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October 23, 2020 | Payroll Software | Posted by Ascentis

How Does a Shift to Remote Work Impact Payroll?

The shift to remote work necessitated by the ongoing pandemic has altered the landscape of nearly every department in the average workplace. The impact of remote employees on payroll functions might not be as immediately obvious as it is in some other areas, but the COVID era is creating unexpected challenges and revealing existing inefficiencies for payroll teams across a wide range of industries.  

Some experts speculate that many workforces will remain remote even after the current crisis, with 75% of CFOs saying their organizations intend to expand opportunities for remote work in the future. Now is the time for employers to start taking stock of some common payroll concerns.  

State and Local Tax Issues 

One of the biggest potential payroll issues facing employers with sizable remote workforces is the variance of tax laws from state to state. Different states and localities have different laws regarding withholdings, liabilities, and other key tax considerations. For example, if an employee’s state of residence withholds payroll taxes at a different rate than the state where their employer is located, the employee runs the risk of being taxed twice unless both parties are on top of proper reporting protocols. If your organization employs workers in more than one state, it is essential to educate your payroll team and your employees on the specific requirements of each one.  

Most workers are taxed according to the standards of the state in which they physically work. If your workforce is spread across several states or if your employees have relocated to be closer to family during the COVID crisis, your team needs to be diligent about abiding by the relevant payroll tax regulations for each state involved. Some states have tax reciprocity agreements in place, but many do not. Putting in the time to do the research will pay off in the long run.  

Workspace Classification and Compliance 

Depending on the location of your business and your workers, there are a number of potential compliance complications involved in remote work. For instance, some municipal zoning laws require home occupation permits or certifications for home-based employees doing certain kinds of work. In the past, this kind of rule has applied mainly to dedicated home businesses, but there are reports of some municipalities enforcing these laws more stringently with more people using their homes as bases of operation in the COVID era. The way an employee’s home workspace is classified can have a major impact on the way your company reports and files payroll taxes.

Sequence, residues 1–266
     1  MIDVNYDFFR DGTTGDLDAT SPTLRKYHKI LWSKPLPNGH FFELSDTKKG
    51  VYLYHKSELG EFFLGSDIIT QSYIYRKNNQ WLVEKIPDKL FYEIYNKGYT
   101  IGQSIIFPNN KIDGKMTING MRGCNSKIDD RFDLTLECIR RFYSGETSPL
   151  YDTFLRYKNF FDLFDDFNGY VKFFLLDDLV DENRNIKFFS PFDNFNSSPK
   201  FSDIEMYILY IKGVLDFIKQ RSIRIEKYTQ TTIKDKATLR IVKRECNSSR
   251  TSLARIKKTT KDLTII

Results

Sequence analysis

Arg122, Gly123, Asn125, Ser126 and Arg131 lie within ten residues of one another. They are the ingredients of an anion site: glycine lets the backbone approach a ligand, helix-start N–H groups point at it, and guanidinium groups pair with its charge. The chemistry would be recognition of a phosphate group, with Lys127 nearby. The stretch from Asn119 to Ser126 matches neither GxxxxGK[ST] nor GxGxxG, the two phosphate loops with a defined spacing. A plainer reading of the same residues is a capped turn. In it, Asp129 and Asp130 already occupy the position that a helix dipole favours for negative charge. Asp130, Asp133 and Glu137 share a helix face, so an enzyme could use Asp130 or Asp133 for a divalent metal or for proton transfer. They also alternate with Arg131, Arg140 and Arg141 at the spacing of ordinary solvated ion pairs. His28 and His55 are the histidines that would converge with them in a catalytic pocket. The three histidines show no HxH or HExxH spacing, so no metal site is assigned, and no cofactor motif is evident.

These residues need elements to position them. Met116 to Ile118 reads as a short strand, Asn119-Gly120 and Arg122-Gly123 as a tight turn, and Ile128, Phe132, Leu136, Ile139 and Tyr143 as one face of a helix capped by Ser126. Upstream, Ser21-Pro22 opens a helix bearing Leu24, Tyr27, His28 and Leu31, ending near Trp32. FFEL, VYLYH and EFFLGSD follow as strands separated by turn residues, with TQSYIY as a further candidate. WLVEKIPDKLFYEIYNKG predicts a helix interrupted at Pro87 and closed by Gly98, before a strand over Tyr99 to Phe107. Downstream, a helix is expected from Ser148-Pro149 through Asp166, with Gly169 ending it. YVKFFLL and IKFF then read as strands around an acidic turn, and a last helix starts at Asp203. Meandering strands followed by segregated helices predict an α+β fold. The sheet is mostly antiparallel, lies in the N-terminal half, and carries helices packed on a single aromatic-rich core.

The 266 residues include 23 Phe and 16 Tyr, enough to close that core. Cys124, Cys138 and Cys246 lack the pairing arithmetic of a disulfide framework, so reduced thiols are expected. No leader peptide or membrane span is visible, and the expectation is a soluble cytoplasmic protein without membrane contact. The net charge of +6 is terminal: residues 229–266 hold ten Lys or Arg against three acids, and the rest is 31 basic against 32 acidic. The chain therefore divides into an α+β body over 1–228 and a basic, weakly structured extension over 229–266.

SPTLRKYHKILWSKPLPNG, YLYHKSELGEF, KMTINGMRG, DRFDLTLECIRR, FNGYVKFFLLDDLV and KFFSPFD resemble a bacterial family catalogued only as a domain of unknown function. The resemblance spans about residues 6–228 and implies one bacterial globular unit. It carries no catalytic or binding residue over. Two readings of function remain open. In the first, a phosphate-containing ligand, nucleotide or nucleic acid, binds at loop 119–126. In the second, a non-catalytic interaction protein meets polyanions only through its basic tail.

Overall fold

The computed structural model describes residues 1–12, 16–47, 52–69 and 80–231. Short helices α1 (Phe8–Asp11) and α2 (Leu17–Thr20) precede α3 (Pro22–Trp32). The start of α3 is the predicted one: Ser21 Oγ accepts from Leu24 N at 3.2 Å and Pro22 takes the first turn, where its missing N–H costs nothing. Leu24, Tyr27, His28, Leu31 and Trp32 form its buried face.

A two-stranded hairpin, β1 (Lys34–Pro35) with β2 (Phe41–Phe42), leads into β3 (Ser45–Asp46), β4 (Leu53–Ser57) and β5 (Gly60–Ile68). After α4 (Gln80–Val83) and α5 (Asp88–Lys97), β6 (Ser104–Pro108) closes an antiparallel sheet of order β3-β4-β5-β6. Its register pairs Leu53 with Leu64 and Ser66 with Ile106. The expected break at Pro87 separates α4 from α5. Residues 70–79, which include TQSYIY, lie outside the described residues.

If your business classifies worker’s compensation as a payroll expense, this is another potential area of compliance concern. Is an employee who sustains an injury while working remotely qualified to make a worker’s comp claim? The answer varies by state and municipality, but it is important to know the specifics in order to avoid potential fines and lawsuits in the event of injuries in a home workspace.  

Data Privacy 

Your payroll team handles a lot of sensitive employee data, and a wide range of employees working in different locations with a variety of devices, networks, and ISPs means more potential for that data to be exposed or exploited. Requiring secure connections and upgrading to a single payroll dashboard with a self-service timekeeping tool can go a long way toward making sure that you remain in control of the information that matters most.  

Fraud Prevention 

For many companies, not having their workforce onsite opens the door to a host of new fraud concerns on both sides of the aisle. Hours may not be reported accurately. Contingent workers may be misclassified as full-time employees. Overtime reporting and sick leave become harder to verify. Unscrupulous payroll workers might even create “ghost employees” to skim funds away from the company. Depending on your industry, mitigating these kinds of risks in a remote-work environment can be a considerable challenge. This is another area where a reliable, automated timekeeping system with constantly updated records can be a great help in eliminating opportunities for fraudulent practices.  

No matter your industry, we are all operating in uncharted terrain during the COVID crisis. While payroll mistakes can and will happen even in the best of times, the new normal creates risk areas most businesses have likely never had to consider before. Still, with close attention to detail, a well-thought-out risk management plan, and the right technology for the job, your business can navigate the work-from-home payroll landscape with confidence.